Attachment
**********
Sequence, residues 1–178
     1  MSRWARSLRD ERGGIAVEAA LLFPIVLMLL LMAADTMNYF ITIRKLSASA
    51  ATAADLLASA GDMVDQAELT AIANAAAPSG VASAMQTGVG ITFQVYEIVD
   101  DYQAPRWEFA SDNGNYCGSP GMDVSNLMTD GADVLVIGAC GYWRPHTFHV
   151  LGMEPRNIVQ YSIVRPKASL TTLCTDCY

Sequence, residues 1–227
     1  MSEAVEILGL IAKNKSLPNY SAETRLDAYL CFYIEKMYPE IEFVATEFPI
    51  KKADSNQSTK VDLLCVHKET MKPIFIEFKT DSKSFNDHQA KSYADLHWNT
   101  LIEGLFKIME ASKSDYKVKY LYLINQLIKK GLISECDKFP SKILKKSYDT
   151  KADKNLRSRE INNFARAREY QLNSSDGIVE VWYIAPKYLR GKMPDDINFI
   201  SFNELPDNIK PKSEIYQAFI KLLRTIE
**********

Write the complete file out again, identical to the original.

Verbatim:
Sequence, residues 1–178
     1  MSRWARSLRD ERGGIAVEAA LLFPIVLMLL LMAADTMNYF ITIRKLSASA
    51  ATAADLLASA GDMVDQAELT AIANAAAPSG VASAMQTGVG ITFQVYEIVD
   101  DYQAPRWEFA SDNGNYCGSP GMDVSNLMTD GADVLVIGAC GYWRPHTFHV
   151  LGMEPRNIVQ YSIVRPKASL TTLCTDCY

Sequence, residues 1–227
     1  MSEAVEILGL IAKNKSLPNY SAETRLDAYL CFYIEKMYPE IEFVATEFPI
    51  KKADSNQSTK VDLLCVHKET MKPIFIEFKT DSKSFNDHQA KSYADLHWNT
   101  LIEGLFKIME ASKSDYKVKY LYLINQLIKK GLISECDKFP SKILKKSYDT
   151  KADKNLRSRE INNFARAREY QLNSSDGIVE VWYIAPKYLR GKMPDDINFI
   201  SFNELPDNIK PKSEIYQAFI KLLRTIE